Monday Links from the Bench vol. CDLXVI Monday Links from the Bench vol. CDLXVI
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    Default Monday Links from the Bench vol. CDLXVI

    This time a year ago I was just arriving at A&E. But the links didn't stop then, and they won't stop now

    • Secrets haunt the still-classified Operation Ivy Bells, a daring Cold War wiretapping operation conducted 400 feet underwater. - How the USA eavesdropped on a communications link the Soviets thought too remote be breached: ”At the bottom of the Sea of Okhotsk, the U.S. nuclear submarine Halibut silently listens to the secret conversations of the Soviet Union. With the Kremlin completely unaware, Navy divers emerge from a hidden compartment (referred to as the ‘Bat Cave’) and walk along the bottom of the sea in complete darkness, wiretapping the Soviet's underwater communications line.”

    • Pioneers of the Computing Age - Advent calendar time! ”From December 1st until December 24th we plan to release one article each day, highlighting the life of one of the many women that have made today’s computing industry as amazing as it is: From early compilers to computer games, from chip design to distributed systems, we will revisit the lives of these pioneers.”

    • How The Walking Dead Blew Up a Bridge Full of Zombies Without Actually Blowing Up a Real Bridge - Behind the scenes video; spoiler alert if you haven’t seen the show, I guess: ”A real-life bridge was used as the setting for this climactic scene, as well as several shots involving close-ups of the zombie horde, lead characters, and a giant fireball explosion. But everything else, from a repaired section of the bridge being blown to bits again, to zombies flying through the air, to even a raging current below, were all added by Goodbye Kansas Studios as digital embellishments.” N.B. The video should be embedded below, but Vimeo embeds don't seem to be working at the moment; I'll add it to the list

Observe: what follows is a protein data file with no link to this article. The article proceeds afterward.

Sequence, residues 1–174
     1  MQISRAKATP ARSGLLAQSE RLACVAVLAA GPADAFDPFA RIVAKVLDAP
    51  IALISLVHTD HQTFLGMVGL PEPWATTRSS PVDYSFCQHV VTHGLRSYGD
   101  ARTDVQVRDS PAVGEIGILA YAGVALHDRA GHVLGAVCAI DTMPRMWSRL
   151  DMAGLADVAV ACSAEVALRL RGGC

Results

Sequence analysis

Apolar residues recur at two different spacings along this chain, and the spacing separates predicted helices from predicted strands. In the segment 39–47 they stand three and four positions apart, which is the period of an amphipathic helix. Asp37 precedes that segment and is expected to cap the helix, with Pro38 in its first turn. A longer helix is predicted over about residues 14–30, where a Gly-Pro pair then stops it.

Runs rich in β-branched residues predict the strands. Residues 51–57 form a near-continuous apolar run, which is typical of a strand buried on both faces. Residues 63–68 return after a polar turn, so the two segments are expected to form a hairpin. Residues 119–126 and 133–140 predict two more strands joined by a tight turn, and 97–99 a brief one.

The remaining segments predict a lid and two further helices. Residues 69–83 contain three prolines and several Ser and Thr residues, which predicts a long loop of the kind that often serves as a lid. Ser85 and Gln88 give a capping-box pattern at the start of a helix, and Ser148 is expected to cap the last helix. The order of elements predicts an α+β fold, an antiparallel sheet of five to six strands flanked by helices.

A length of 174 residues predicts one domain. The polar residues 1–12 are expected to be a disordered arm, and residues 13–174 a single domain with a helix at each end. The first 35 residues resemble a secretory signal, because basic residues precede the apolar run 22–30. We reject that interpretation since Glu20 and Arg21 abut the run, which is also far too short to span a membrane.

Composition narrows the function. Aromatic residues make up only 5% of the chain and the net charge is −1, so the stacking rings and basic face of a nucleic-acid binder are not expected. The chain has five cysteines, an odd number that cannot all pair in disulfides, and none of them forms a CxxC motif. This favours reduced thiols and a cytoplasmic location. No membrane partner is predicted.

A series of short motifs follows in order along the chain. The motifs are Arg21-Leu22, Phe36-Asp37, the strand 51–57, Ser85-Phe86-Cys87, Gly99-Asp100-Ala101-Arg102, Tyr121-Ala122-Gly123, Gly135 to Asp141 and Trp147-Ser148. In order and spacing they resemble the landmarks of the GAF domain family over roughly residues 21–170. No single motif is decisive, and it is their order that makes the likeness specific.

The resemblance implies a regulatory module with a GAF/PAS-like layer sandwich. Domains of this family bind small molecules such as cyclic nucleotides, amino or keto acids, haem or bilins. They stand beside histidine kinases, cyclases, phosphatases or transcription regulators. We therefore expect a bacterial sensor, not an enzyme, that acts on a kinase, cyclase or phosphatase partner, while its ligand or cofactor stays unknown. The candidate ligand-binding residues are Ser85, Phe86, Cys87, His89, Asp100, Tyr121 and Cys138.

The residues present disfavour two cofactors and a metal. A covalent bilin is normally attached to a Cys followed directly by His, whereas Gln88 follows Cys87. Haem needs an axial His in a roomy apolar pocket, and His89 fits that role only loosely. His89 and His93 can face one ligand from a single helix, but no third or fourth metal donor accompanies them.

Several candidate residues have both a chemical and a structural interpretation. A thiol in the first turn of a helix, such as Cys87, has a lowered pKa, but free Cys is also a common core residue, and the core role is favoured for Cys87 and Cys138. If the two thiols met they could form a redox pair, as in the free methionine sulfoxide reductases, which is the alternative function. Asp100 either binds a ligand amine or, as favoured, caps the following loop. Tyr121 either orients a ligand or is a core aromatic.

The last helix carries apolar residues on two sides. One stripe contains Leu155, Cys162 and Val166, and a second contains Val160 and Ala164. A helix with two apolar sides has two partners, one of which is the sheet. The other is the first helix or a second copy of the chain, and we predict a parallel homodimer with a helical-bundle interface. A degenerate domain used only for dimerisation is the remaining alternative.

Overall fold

• The Stasi Played Along - The authorities in the GDR kept an eye on early microcomputer enthusiasts, and now their records provide a detailed insight into the scene: ”Thanks to that ‘Operational Information,’ the number of people present at that meeting in January 1988 (’70 to 80 persons’) and their estimated average age (’22 to 23’) has not been lost to history. The IM also reported that he had been ‘normally but not suspiciously accepted’ by the other people present and learned from his conversations that ‘several participants are in possession of a Commodore 64 computer, and having one is seen as a prerequisite for membership in the computer club.’”

    • Mystery Math Whiz and Novelist Advance Permutation Problem - 4chan is generally a sewer, but it turns out an anonymous poster seven years ago made a significant mathematical discovery: ”On September 16, 2011, an anime fan posted a math question to the online bulletin board 4chan about the cult classic television series The Melancholy of Haruhi Suzumiya… Fans were arguing online about the best order to watch the episodes, and the 4chan poster wondered: If viewers wanted to see the series in every possible order, what is the shortest list of episodes they’d have to watch? In less than an hour, an anonymous person offered an answer — not a complete solution, but a lower bound on the number of episodes required.”